There is no getting around it; smoking is detrimental to your health. Cigarette smoking harms every organ in your body and causes many diseases because it introduces nicotine, a very addictive chemical, and 5,000 other chemicals, including numerous carcinogens, into your system.
Smoking is a hard habit to break and a serious addiction. That makes quitting smoking a difficult ordeal. Quitting can also cause nicotine withdrawal which has physical, mental, emotional, and behavioural symptoms. Fortunately, there are many ways to help ease quitting, like Smokefree Clinic’s nicotine vape products.
Deciding to quit smoking doesn’t make the cravings magically go away. It takes time and effort because tobacco cravings can sometimes be intense. A support system from family, friends and significant others will benefit the quitter because it takes more than one person to quit the habit successfully.
If you have a loved one trying to quit smoking, here is how you can help them.
Assess Your Relationship Dynamics
How is your relationship with the person trying to quit? Are you closely related to them? How does the person trying to quit feel about you? The closer you are connected with someone trying to quit smoking, the higher the chances that they would open up to you and listen to you. On the other hand, don’t attempt to help someone whom you don’t know very well. They might not listen to you, and the help you are trying to give might be seen as unsolicited.
Initiate The Conversation
It is usually hard for someone who is trying to quit smoking to talk about it. You can help them by initiating a conversation or responding positively when they mention quitting. Affirm your support and assure them that you are there to help if and when they need you. If you know or have helped someone else quit smoking before, you can share your experience with your loved one.
Create An Opportunity
If you sense that your loved one wants to talk about quitting but can’t find an opening, take it upon yourself to create the opportunity. You can do it either by being direct and asking them what they think about quitting, or you can cite a situation that they can react to, like what they think about an article you read about the rise of lung cancer cases or a recent stricter ban about smoking in indoor areas.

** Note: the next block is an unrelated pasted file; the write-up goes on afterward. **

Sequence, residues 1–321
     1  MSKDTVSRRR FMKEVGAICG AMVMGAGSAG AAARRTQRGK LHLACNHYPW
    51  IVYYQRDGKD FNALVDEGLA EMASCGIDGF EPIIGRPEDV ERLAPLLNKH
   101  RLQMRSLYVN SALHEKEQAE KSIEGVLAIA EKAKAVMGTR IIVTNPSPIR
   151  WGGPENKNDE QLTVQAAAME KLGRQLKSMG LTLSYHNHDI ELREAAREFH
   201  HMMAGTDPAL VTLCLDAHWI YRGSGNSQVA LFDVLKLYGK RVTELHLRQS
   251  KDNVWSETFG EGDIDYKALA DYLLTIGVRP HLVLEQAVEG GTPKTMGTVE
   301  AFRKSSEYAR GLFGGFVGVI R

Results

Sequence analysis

The process of quitting is about the person trying to quit and not about you. So make sure to listen to them when they share something with you, like the challenges they face daily, incidents wherein they overcame a temptation or their feelings about what they are going through. Listen and try to avoid interrupting them while they are still speaking.
Once your loved one is done speaking, try asking them questions about what they just shared with you to show that you were listening to what they were saying. You can also ask open-ended questions to help you understand what the quitter is going through. A better understanding of what they are going through will give you a better insight into the situation, which would make you better equipped at helping them.
Research With Them
There are many ways for a person trying to kick the habit. They might not know it yet when they start. Please do some research of your own and share with them what you found out. Tell them they can try alternatives like lozenges, gums, patches, or even Smokefree Clinic’s nicotine vape products. They might also be interested in behaviour therapy or support groups. Once your loved one finds out how vested you are in their journey to quit, this will encourage them to continue with kicking the habit, knowing that you support them fully.
Big or small, try to celebrate their successes and milestones. Not only will they be happy, but it will also motivate them to keep pushing forward. You can celebrate by giving compliments like how much better they look since they have taken the journey to stop smoking or send them small tokens. A little goes a long way to someone who needs encouragement.
The challenges that come with quitting smoking don’t end when the quitter smokes their last cigarette because cravings can arise at any time. So keep supporting and encouraging them weeks, months, or years after. Your ongoing support could be the only thing they need to make their attempt at quitting a success.